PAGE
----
Part of the issue is how stridently the Surface family tries to re-appropriate the mobile device sphere as a realm of “PCs” (it prompts you to “Setup Your PC,” etc. and Steve Ballmer himself is fond of this terminology). This is an incredibly semantical way of trying to confront the post-PC march, by simply saying that all tablets are actually “PCs.” Whether they are or not, of course, doesn’t matter – the best tablets are not being made by Microsoft and they aren’t running Windows (7/8/RT/Phone/whatever), either.

What’s more, as I alluded to in a tweet, the idea of a device that bridges the gap between laptop and tablet is already being materialized by both the iPad (with its rich productivity app library and capable Bluetooth keyboards) and the Chromebook (which powers an old-school laptop with essentially a mobile OS), both of which are distinguished from the Surface family by their willingness to completely let go of the desktop legacy.

It feels like the Surface Pro may energize some parts of the enterprise that still cling to the last necessities of the Windows/Office, but it’s still a wannabe consumer hit in “business” clothing, and it feels like something that by trying so hard to please both sides will satisfy neither.

-The ScreenGrab Team

AirDroid

A tweet a while back from The Verge’s Joshua Topolsky, about a “nuts” app called AirDroid, inspired me to try out that same app on my Nexus 4. After experimenting with it over the past week, I’ve come to see it as an invaluable, futuristic utility for device management. It feels like something that Google could easily buy and make into a standard service for all Android devices.

AirDroid allows for very nuanced file management and manipulation of your Android phone, but its setup is dead simple. Download the free Android app and start it up. It gives you a URL and an access code. Once you input the code on the Web, the page transforms into a vaguely Linux-like desktop which mirrors (or reinterprets, more nearly) your phone’s entire file structure. You can see all of your text messages, photos, and contacts, as well as apps and what’s currently on your clipboard.

One of the underrated aspects of the Android platform is how independent it remains from traditional PCs and Macs. There’s no syncing or real need for cables (especially now that devices like the Nexus 4 support inductive charging) and the platform had no equivalent of the bloated desktop iTunes 11. Sure, curious users can explore a device’s file system on their PC via cable, or send an app from the Google Play desktop site to an Android device that is using the same Google Account. But these are fringe features. Most Android users have devices that are PC-agnostic.

The flip side of this agnosticism is Android’s unparalleled openness, which lets it be manipulated at a level that iOS (for instance) all but prevents. AirDroid is perhaps the most polished example of remote Android management, such that I think that it may be worth Google’s while to acquire it and make it a standard Android tool, perhaps even as a Chrome extension that would play nicely with the increasingly chic Chromebook line.

A few useful things about AirDroid:

1. Easy file upload of basically any file format or size, without iTunes’ restrictions on folders etc.

2. Send a URL to your phone for later – sort of a like a mini-Pocket.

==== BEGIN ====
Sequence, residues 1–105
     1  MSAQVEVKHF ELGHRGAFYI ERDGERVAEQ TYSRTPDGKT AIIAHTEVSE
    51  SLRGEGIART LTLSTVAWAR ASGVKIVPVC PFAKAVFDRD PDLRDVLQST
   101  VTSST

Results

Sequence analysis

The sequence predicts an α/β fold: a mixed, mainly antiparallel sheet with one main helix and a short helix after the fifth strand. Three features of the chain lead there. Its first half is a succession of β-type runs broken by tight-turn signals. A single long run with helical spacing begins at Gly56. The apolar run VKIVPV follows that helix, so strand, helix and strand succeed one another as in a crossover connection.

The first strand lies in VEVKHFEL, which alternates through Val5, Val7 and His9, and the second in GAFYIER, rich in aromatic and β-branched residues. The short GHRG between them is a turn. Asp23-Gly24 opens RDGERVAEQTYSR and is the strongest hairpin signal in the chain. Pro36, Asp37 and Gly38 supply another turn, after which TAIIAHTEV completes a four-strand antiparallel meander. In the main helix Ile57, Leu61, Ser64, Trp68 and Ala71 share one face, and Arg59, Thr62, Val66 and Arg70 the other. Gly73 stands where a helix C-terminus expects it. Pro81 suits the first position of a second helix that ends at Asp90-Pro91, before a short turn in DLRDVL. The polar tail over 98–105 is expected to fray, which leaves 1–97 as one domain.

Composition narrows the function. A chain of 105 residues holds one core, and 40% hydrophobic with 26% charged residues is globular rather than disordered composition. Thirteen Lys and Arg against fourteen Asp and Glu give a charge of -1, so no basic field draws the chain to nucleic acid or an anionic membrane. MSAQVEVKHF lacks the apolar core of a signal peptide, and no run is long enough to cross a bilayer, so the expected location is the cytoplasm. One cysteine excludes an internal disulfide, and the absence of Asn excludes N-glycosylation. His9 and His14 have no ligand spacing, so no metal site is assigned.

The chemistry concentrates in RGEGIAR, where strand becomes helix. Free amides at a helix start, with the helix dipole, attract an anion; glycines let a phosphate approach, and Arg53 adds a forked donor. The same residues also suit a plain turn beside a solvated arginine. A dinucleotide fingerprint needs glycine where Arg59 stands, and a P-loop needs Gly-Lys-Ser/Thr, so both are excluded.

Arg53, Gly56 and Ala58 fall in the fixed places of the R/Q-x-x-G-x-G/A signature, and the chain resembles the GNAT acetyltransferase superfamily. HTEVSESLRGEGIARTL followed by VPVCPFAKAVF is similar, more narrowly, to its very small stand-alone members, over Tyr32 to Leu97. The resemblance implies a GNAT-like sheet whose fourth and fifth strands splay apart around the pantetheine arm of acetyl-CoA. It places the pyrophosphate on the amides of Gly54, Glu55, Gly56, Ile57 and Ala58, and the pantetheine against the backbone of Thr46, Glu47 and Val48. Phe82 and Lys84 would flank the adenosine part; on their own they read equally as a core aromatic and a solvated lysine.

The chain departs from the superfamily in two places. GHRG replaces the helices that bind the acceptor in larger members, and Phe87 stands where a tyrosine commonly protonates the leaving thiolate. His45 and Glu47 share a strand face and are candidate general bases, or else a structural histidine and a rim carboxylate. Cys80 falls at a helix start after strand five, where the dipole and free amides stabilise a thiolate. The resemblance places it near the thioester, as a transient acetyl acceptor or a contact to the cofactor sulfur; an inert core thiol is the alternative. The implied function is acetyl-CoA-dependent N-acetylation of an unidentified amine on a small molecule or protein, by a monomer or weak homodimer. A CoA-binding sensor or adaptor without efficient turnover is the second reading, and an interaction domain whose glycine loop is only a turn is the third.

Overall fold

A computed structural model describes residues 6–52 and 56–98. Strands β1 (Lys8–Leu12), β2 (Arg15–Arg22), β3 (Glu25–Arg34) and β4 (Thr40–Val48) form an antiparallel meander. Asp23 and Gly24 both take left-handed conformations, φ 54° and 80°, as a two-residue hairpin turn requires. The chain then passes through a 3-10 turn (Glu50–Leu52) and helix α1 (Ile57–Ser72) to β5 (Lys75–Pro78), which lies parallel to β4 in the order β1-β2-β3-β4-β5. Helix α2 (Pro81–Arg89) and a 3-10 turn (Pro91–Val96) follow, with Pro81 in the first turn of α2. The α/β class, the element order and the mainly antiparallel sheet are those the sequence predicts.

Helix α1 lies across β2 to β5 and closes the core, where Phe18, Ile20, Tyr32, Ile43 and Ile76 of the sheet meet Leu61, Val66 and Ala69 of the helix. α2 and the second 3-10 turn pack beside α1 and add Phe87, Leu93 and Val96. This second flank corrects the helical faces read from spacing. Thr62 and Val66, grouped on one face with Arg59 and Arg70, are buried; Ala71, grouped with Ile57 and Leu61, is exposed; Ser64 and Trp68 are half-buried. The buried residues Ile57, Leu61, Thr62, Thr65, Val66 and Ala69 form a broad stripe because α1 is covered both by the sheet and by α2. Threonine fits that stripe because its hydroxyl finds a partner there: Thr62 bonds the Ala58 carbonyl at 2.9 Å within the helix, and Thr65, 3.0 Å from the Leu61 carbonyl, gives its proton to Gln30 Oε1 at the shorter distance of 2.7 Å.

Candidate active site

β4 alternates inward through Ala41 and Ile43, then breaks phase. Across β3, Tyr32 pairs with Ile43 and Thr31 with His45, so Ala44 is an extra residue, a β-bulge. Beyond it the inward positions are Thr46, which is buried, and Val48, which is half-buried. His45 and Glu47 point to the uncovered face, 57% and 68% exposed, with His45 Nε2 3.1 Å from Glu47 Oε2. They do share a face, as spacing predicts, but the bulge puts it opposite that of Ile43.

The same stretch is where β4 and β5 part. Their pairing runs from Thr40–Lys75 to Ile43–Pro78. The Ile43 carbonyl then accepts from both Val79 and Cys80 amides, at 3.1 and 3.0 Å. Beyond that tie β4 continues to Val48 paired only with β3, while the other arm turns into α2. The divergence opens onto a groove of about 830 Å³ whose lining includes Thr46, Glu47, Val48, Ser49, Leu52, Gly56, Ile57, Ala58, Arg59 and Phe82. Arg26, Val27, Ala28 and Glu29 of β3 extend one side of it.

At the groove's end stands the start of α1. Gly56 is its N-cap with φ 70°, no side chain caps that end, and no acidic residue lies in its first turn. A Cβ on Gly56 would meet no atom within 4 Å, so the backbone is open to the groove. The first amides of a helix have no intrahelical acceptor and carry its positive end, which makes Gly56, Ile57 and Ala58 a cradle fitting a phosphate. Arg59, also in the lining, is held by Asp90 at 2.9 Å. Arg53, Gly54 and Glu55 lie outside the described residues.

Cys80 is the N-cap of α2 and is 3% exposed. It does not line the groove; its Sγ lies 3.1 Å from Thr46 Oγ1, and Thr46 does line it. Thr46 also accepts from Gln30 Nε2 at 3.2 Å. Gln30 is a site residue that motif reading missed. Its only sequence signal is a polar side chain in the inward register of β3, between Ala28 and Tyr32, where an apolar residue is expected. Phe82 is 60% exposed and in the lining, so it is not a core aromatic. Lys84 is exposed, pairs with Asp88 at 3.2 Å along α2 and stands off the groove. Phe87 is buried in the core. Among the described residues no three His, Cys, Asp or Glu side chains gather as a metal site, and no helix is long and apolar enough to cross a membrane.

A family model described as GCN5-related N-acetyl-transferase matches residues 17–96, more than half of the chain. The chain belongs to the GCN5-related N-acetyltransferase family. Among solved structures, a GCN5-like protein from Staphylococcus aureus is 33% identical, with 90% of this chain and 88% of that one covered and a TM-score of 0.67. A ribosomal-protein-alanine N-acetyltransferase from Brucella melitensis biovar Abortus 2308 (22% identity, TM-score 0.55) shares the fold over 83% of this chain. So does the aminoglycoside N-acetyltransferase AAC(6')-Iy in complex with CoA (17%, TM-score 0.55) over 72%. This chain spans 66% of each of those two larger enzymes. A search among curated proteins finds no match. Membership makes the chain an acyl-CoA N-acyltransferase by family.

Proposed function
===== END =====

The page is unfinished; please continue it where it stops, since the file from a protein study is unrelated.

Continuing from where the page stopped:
3. Easily sideload apps from non-Play sources.

Granted, these are niche use cases that appeal mainly to geeks like me. But they have real value since they create what I think is the first real semblance of a coherent multiscreen experience between Google gadgets in particular – it gives me a robust tool for manipulating my Nexus 4, even from the lightweight Web-only world of my Chromebook. It enriches both gadgets – the Nexus 4 becomes an even more flexible device and repository for all sorts of files, while the Chromebook becomes a management tool while sacrificing none of its minimalist appeal.

Google has already stated that it wants to provide a truly seamless multiscreen experience, but so far this has been difficult due to Android fragmentation and Google’s considerable deficit vis-a-vis Apple when it comes to creating fully integrated hardware/software that just works together, like the Mac and the iPhone via iCloud (imperfect as the latter still is). AirDroid is a sleek, sneaky way of experiencing Android on your desktop and having more control over the inside of your phone, which is so often a total black box. Google should buy it and use it to further integrate the experience they provide, especially now that Google is working directly on hardware with Motorola and postulating that someday Chrome and Android will converge.

App rating: 77%

-The ScreenGrab Team

Ten Thoughts On Facebook’s Graph Search

It’s probably become clear from my recent string of posts and tweets that I don’t hold Facebook in particularly high regard either as a tool or as a “tech” company. Basically, I think it is an ok but annnoying means of keeping up with friends, but nothing close to the sorts of revelatory software/hardware advances made by the likes of Apple or Google.

Today’s self-described big announcement from Facebook turned out to be a tweak to how desktop-formatted facebook.com in US English produces its search results. Inelegantly called Graph Search, this new tool is a natural language means of trying to find, for example, “Indian restaurants liked by friends from India,” or “shoe stores with good reviews nearby.” It gets this data from posts (songs listened to, places visited, wall posts) made by friends or strangers which are viewable to you, otherwise known as the Open Graph (hence the new tool’s name). CEO Mark Zuckerberg carefully described this as a “beta of a V1,” meaning that sloppiness is expected.